Management / EasyJet, Aer Lingus, and more implicated in data breach revealing half a million customer details

EasyJet, Aer Lingus, and more implicated in data breach revealing half a million customer details

Customers of 16 companies may have been affected by a flaw that sent their sensitive information over the web unencrypted, including payment card details.

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A potential 500,000 customers of 16 companies face the prospect that their details have been exposed, with firms failing to encrypt information including names, payment card details and in some cases passport numbers.

Information sent by customers using smartphone apps or mobile websites were sent to company servers in unencrypted form, leaving consumers open to potential incidents of theft or fraud according to security firm Wandera.

Data was leaked as consumers made payments for attraction tickets, flights or flight upgrades.

The information leaked varies between provider, but could include customer names, addresses and contact details, complete card details and CVV codes, transaction amounts and in some cases passport numbers.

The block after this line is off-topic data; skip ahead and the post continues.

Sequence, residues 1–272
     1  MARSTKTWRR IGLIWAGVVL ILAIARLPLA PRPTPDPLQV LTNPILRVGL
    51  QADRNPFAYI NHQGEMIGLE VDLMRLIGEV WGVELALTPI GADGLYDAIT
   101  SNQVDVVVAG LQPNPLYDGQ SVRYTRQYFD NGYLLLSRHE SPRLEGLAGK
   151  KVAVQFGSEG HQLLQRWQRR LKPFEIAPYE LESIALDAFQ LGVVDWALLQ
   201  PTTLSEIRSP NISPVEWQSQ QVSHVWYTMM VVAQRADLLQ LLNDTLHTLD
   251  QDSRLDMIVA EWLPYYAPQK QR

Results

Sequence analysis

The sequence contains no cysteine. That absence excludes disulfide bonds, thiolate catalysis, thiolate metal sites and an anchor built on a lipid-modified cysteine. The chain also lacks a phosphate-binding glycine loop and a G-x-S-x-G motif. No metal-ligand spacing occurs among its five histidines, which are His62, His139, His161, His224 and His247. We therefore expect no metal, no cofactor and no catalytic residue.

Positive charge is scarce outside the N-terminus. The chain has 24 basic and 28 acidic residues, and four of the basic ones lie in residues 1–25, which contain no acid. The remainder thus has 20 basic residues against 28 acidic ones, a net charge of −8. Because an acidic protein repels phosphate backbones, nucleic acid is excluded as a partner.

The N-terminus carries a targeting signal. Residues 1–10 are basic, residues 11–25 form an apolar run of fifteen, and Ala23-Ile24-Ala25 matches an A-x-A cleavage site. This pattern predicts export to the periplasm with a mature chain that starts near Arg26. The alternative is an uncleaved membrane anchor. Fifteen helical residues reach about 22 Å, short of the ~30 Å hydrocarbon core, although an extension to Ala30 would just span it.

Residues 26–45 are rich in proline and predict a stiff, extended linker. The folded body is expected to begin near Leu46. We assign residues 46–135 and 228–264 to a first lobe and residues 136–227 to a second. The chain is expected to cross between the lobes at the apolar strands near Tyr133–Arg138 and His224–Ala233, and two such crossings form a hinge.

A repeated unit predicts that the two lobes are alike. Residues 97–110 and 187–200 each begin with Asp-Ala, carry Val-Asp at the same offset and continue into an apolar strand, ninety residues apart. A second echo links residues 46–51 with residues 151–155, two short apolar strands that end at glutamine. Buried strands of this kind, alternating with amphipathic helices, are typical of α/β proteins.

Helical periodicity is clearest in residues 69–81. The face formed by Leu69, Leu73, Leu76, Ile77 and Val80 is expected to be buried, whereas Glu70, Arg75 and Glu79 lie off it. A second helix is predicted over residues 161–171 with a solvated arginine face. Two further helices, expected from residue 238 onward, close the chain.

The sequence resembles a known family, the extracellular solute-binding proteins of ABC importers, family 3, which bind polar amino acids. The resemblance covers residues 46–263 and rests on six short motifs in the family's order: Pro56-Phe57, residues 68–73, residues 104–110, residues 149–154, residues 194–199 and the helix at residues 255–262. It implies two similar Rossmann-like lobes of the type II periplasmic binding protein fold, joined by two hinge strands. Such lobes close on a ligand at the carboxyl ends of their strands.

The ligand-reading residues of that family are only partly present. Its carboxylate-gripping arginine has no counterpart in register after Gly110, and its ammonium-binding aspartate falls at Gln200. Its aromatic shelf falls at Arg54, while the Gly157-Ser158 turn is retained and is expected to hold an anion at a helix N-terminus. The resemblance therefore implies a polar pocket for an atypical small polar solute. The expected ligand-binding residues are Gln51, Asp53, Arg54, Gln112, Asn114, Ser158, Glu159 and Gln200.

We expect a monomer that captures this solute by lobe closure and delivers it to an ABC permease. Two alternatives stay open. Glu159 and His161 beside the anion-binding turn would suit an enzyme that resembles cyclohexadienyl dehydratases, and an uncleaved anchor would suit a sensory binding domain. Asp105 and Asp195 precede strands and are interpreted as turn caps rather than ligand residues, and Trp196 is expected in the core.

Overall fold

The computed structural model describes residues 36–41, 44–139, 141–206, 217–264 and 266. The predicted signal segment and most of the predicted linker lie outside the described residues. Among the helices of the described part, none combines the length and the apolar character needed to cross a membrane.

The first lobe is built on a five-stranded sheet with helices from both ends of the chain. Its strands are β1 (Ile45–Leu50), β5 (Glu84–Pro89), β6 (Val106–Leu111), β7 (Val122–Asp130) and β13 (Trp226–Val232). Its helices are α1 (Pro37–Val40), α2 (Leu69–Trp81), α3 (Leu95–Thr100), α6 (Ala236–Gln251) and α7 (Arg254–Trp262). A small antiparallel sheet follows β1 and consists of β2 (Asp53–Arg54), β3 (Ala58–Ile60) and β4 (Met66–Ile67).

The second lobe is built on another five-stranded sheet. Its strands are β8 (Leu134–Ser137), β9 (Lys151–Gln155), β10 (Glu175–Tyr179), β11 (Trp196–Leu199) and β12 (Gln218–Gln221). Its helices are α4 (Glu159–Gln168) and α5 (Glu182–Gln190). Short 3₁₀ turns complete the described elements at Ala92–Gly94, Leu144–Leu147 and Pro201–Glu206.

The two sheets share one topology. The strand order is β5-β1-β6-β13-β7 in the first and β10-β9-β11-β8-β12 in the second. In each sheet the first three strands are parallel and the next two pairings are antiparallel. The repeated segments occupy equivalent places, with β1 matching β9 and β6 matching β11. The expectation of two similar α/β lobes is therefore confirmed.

Airlines easyJet, Aer Lingus, Air Canada and Air Asia were all implicated, as well as transport services Chiltern Railways, KV Cars UK, Oui Car France and American Taxi.

Ticketing providers to popular tourist attractions such as Canada’s CN Tower and San Diego Zoo were also affected, along with retailers in the UK, US and France and Singapore event ticket provider Sistic.

The companies affected failed to use the secure HTTPS protocol to send confidential information to servers, although researchers say it is unclear if the information had been previously intercepted or maliciously used already.

Eldar Tuvey, Wandera’s CEO, said it was possible HTTPS had not been used due to code flaws that could have stemmed from reliance on third-party services or libraries.

“It’s astounding to me that these companies have failed to exercise sufficient care in the collection of their customers’ personal data,” he said.

“The most alarming thing is that it is very likely that there are plenty of other brands who have made the same mistakes.

“With lots of people booking journeys to go home for the Christmas holidays, it is worrying how much sensitive data could be put at risk.”

Wandera said it has contacted the affected firms and has so far received assurances from easyJet that the issue is no longer ongoing.

Full details of CardCrypt are available from Wandera’s blog.


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